After being mustered out of the service Mr. McDowell returned to his native county where he was employed as a farm hand for about a year. He the made his way to Hartsville, Bucks county, where he entered the employ of Alford Murray, with whom he continued for thirteen years, and upon the death of Mr. Murray he entered the services of George Jamison, with whom he remained for seven years. He afterward spent two years in the employ of Charles Freitz, and in 1882 he came to his present home in Warwick township, farming the place on shares for three years. In 1885 he bought the farm comprising fifty acres of fine land. On the place is a good farm residence and barn. The buildings, however, were in poor repair when they came into his possession, but he remodeled and made additions to the house and also the barn, has erected a number of sheds for the shelter of grain and stock and for the machinery, and has all the latest improved implements that facilitate agricultural work. In addition to general farming he has attended the Philadelphia market and has made a specialty of the raising of hay which he there places on sale. There is one event in the history of Mr. McDowell that is well worthy of mention. He spent the first three years of his business career in the employment of Alford Murray, following his return from the war, remained with him for thirteen years and when Mr. Murray died was found by the terms of his will that he had left to Mr. McDowell one thousand dollars in recognition of his capable service, unfaltering fidelity and honesty.
In 1869 Mr. McDowell was married to Miss Ellie Fenton, who was born in Bucks county, Pennsylvania, September 12, 1850. She is a lady of intelligence and culture and has been a faithful helpmate to her husband. Her parents were John and Rachel (Cline) Fenton, both of whom were natives of Bucks county. Her paternal grandparents were John and Betsey Fenton, representatives of one of the old families of this part of the state, his ancestors having settled in Bucks county when Pennsylvania was still numbered among the colonial possessions of Great Britain. The first of the name in America were of English lineage and his descendants have been farmers and mechanics of Pennsylvania for many years. John Fenton, Jr., father of Mrs. McDowell, was reared and married in Bucks county, and became a prominent farmer of his locality, also conducting a sawmill. He made his home in Hartsville. Ever industrious and energetic, his business career was characterized by all that is honorable and straightforward in one’s dealings with his fellow men. In politics he was a Democrat. His death occurred in Edison in 1894, while his wife survives at the ripe old age of seventy-eight years and finds a good home with Mr. and Mrs. McDowell. She is a consistent member of Neshaminy church. In her family were Edwin, who is a miller by trade, but now follows farming; Mrs. Elizabeth Krier, deceased; and Mrs. McDowell. Unto Mr. and Mrs. McDowell have been born two children: Mary Lillian, who died at the age of nine months; and Fenton, born March 16, 1877. The son was provided with a liberal education and in early manhood married Louisa Morgan, a daughter of John Morgan, and a granddaughter of Miles Morgan, connected with one of the honored early families of Bucks county. John Morgan is a carpenter and served in the One Hundred and Fourth Regiment in the war of the rebellion. His wife was twice married, her first husband being John Cook, who served in the Civil war and lost one leg while fighting for his country. His death occurred as the result of his army experiences. The children of Fenton McDowell are Robert D., born March 10, 1892; and Martha G., born July 17, 1904. Mrs. Fenton McDowell is a member of the Baptist church, while he is connected with Neshaminy Castle, No. 139, Knights of the Golden Eagle, of which he is a past chief.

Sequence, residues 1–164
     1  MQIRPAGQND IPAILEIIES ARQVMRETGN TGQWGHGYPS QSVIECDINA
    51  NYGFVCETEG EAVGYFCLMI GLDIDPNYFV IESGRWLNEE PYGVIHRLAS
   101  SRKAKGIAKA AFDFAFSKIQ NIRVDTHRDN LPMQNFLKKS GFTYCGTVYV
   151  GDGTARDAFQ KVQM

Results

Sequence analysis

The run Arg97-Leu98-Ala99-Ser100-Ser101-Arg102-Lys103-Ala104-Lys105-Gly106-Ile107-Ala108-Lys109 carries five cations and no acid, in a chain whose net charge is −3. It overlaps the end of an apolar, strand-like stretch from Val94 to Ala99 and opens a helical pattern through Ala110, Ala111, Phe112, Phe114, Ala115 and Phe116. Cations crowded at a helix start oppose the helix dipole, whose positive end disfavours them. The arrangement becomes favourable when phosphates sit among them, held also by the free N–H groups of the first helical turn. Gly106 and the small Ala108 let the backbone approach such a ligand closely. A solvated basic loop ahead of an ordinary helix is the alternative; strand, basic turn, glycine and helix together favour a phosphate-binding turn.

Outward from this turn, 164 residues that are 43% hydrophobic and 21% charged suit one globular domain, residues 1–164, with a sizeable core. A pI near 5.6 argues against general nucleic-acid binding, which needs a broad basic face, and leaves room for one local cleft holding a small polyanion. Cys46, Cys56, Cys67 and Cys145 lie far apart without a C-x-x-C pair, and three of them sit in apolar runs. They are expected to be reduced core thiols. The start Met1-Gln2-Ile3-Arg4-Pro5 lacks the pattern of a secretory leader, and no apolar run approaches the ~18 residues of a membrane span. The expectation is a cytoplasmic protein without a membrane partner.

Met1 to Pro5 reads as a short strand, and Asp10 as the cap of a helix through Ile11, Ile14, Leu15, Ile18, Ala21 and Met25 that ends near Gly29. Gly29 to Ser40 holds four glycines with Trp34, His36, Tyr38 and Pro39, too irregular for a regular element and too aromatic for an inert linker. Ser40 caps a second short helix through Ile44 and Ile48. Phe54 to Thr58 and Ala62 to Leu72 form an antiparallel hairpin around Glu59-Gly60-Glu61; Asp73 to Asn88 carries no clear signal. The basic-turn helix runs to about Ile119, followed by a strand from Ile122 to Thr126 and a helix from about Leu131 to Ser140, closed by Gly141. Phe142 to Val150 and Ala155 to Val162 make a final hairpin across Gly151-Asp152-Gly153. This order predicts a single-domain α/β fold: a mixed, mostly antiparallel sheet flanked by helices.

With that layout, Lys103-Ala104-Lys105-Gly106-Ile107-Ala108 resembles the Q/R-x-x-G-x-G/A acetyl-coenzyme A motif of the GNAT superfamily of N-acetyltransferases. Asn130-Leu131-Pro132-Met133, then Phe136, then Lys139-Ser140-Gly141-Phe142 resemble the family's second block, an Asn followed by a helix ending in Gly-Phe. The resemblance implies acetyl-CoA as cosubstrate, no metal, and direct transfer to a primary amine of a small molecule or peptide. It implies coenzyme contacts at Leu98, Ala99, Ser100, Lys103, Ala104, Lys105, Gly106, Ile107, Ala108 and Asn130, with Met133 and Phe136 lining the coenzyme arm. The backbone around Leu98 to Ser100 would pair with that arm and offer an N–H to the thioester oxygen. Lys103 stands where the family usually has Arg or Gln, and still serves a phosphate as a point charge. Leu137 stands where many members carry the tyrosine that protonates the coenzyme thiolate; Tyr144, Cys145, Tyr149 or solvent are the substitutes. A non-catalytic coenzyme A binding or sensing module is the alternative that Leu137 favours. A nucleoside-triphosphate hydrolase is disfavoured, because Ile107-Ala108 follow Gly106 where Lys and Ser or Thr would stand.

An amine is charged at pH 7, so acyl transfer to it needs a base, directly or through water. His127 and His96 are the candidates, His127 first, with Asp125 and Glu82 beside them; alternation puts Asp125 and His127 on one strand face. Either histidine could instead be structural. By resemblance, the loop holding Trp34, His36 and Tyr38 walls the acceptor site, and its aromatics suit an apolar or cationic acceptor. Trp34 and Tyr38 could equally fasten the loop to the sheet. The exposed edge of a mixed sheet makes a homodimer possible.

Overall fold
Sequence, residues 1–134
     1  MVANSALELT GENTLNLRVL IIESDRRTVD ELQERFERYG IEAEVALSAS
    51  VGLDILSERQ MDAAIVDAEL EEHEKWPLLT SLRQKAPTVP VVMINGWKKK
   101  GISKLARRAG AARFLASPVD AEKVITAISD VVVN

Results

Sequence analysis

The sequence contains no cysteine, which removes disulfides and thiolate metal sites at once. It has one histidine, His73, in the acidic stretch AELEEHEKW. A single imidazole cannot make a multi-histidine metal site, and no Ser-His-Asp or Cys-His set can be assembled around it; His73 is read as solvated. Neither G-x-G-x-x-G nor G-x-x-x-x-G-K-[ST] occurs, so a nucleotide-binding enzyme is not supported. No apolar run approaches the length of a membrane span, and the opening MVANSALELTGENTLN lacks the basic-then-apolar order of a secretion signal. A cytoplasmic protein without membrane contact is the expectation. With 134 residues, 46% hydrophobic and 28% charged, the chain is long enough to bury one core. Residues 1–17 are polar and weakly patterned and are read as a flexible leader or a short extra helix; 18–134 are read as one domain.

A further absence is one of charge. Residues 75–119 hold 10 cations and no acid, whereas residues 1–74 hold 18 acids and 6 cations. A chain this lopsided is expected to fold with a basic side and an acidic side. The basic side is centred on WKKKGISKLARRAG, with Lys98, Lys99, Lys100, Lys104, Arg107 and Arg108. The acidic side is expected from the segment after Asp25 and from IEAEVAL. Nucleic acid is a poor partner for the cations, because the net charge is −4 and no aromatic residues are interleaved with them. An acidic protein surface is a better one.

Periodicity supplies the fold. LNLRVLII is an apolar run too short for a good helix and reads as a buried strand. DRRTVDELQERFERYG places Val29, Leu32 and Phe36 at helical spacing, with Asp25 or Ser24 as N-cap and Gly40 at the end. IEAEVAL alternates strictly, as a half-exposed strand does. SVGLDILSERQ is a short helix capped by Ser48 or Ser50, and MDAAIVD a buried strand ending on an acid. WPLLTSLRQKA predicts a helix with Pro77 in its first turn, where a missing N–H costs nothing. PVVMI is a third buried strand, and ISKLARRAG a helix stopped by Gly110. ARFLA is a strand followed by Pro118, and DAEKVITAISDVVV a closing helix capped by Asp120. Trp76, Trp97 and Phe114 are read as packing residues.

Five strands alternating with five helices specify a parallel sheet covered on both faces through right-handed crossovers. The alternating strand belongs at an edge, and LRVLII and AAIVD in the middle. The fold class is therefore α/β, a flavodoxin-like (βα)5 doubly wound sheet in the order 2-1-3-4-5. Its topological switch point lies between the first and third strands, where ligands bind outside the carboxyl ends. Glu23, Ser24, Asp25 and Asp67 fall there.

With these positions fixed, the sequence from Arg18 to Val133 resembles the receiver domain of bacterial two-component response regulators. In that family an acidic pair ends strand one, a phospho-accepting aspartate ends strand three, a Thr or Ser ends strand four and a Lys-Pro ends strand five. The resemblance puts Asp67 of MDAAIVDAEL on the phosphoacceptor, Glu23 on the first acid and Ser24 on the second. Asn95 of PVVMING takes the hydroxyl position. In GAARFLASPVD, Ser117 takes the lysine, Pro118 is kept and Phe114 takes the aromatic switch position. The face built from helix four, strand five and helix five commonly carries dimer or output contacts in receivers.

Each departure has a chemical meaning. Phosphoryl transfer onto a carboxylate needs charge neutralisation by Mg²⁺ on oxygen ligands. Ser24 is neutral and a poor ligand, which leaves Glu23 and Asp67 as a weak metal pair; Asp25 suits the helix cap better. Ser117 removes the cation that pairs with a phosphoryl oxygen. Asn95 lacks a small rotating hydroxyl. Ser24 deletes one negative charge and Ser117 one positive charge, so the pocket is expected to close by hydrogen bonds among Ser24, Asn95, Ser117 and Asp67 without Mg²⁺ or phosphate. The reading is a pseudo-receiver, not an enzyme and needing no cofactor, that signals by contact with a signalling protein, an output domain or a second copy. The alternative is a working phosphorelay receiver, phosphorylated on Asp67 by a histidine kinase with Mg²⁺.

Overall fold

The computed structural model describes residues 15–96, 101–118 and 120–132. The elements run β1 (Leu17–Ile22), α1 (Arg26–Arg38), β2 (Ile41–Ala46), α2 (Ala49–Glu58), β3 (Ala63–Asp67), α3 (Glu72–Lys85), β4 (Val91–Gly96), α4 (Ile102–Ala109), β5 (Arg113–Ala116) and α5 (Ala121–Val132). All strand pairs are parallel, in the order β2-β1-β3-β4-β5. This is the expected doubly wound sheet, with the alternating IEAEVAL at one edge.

In his political allegiance Robert McDowell has always been a Democrat and he has taken an active interest in all of the issues of the day, yet has never aspired to public office. He belongs to Hatboro Post, No. 101, G. A. R., and attends the Presbyterian church. He has lived a quiet and unassuming life, yet his entire career has been characterized by honesty in business, fidelity in citizenship, and trustworthiness in social relations, and thus his career has won for him the entire confidence and respect of his fellow men.
Text taken from page 374
Davis, William W. H., A. M. History of Bucks County, Pennsylvania [New York-Chicago: The Lewis Publishing Company, 1905] Volume III
Transcribed July 2002 as part of the Bucks Co., Pa., Early Family Project, www.rootsweb.com/~pabucks/bucksindex.html
Published September 2002 on the Bucks County, Pa., USGenWeb pages at www.rootsweb.com/~pabucks/